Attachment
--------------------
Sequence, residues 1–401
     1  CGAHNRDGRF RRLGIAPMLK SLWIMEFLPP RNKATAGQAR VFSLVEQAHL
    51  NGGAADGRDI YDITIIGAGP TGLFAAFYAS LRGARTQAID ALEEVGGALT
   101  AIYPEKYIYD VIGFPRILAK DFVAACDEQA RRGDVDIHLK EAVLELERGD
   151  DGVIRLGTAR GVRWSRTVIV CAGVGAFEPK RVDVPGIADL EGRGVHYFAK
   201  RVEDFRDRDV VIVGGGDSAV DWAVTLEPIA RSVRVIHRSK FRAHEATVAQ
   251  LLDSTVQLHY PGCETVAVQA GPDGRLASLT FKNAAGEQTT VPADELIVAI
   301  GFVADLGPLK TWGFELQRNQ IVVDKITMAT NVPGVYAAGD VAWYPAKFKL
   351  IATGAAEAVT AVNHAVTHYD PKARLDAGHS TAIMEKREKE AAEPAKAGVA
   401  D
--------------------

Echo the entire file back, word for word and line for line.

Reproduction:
Sequence, residues 1–401
     1  CGAHNRDGRF RRLGIAPMLK SLWIMEFLPP RNKATAGQAR VFSLVEQAHL
    51  NGGAADGRDI YDITIIGAGP TGLFAAFYAS LRGARTQAID ALEEVGGALT
   101  AIYPEKYIYD VIGFPRILAK DFVAACDEQA RRGDVDIHLK EAVLELERGD
   151  DGVIRLGTAR GVRWSRTVIV CAGVGAFEPK RVDVPGIADL EGRGVHYFAK
   201  RVEDFRDRDV VIVGGGDSAV DWAVTLEPIA RSVRVIHRSK FRAHEATVAQ
   251  LLDSTVQLHY PGCETVAVQA GPDGRLASLT FKNAAGEQTT VPADELIVAI
   301  GFVADLGPLK TWGFELQRNQ IVVDKITMAT NVPGVYAAGD VAWYPAKFKL
   351  IATGAAEAVT AVNHAVTHYD PKARLDAGHS TAIMEKREKE AAEPAKAGVA
   401  D